Living in the midwest my entire life, I didn’t realize how different foliage would be, south of Kansas.
It’s been fun to see the seasons change and watch the plants transition in a new part of the country.
This spring, in north Texas we experienced a “Super Bloom” of bluebonnets. Yards and yards of the blue hue covered the hillside behind our home.
After that, a sea of red and gold Indian Blanket flowers took over the space.
Once the heat of summer set in, the red and gold transitioned to shades of lavender. I thought they were thistles, but they were much softer. Our neighbor kids thought these feathery flowers were so cool, they filled a bag of the purple puffs and brought them over as a “gift”. These blooms are called American Basket flowers.
Fast forward to August. We endured a very hot summer with NO RAIN. Those majestic purple puffs dried up and the landscape fell to a shade light shade of brown.
One morning in mid-August, I was walking the dog through that brownish-beige hillside behind our home. As I got off-road and moved closer to the field, all I could see were acres and acres of golden pods that looked like mini baskets of sunshine. Looking closely at the intricate weave of this dried flower, it was clear, that this flower was perfectly named.
An idea came to me. I was compelled to gather up these pods for a fall decor piece. I took the dog back home and returned with a large bag and scissors.
I understand that these pods will drop seeds for next year's crop, but my little gathering shouldn’t impact their season. When I say there were millions of them, I am not exaggerating. I clipped about 100 for my little project.
I let the bag sit in the garage for a few weeks before I could get to work on my idea. I was hoping any little bugs that might have hitched a ride with these pods, would use this time to make their escape.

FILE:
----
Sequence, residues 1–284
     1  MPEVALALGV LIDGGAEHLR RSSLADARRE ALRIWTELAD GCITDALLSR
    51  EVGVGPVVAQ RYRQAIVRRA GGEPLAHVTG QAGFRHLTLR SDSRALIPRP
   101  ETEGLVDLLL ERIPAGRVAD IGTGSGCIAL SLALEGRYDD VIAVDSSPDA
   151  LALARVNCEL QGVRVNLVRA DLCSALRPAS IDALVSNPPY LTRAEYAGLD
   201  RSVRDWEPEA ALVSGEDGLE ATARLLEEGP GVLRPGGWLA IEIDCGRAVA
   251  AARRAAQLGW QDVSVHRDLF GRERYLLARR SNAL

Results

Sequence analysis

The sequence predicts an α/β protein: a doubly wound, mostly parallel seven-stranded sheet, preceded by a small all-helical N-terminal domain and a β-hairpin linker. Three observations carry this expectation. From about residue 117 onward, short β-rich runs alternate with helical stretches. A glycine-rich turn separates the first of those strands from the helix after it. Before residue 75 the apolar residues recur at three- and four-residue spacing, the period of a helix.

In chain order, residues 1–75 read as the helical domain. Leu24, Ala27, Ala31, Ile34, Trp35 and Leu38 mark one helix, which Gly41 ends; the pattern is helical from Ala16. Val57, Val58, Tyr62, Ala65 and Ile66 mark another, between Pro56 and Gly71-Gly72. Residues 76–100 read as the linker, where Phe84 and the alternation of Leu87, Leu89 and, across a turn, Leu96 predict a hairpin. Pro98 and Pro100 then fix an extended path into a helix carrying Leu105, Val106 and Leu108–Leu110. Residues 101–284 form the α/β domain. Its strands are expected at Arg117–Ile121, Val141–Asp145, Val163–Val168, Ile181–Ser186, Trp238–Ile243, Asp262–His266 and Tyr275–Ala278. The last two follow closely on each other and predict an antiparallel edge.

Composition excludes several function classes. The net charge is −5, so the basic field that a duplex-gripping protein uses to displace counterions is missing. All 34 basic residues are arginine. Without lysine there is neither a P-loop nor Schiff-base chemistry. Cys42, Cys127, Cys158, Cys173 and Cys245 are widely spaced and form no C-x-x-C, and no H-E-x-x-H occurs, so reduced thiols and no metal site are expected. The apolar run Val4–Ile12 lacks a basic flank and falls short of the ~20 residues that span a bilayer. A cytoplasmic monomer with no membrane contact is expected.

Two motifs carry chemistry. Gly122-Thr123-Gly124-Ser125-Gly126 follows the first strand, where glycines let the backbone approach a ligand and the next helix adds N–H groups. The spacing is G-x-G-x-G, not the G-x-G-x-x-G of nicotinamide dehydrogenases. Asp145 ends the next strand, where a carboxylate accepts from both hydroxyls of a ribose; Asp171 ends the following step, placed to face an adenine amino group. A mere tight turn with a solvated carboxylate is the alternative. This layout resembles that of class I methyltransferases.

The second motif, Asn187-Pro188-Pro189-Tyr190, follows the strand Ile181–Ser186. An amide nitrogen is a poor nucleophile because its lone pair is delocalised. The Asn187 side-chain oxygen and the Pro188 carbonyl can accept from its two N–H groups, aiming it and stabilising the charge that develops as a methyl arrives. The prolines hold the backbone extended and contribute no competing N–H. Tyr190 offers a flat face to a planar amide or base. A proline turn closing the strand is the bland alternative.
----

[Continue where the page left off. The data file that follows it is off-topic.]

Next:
My plan was to turn the pods into a wreath for our front door. I ran to our local Michaels craft store for supplies: a wreath base, glue sticks for my glue gun, and a spool of ribbon. This project took me back to a memory from the mid-70s when my parents foraged pinecones to make wreaths for their annual Sugar and Spice Boutique.
I began to hot-glue my foraged gold treasure to the straw wreath base. It took more than I expected to get three rounds onto the form. As I neared the end, I was short 20 pods. I was afraid that after almost a month from when I picked the first batch, those left on the hillside may not match the color of what I started with.
I was right. My August pick was prime time for the golden pods. The September patch was beginning to break down. Surely in the sea of millions of these pods, I could find 20 that would work. The pods which had shelter from the trees were in better condition and I scored enough to finish the project.
Here’s how the final wreath looks on our door.
Almost as welcoming as the new cooler temperatures which finally arrived today!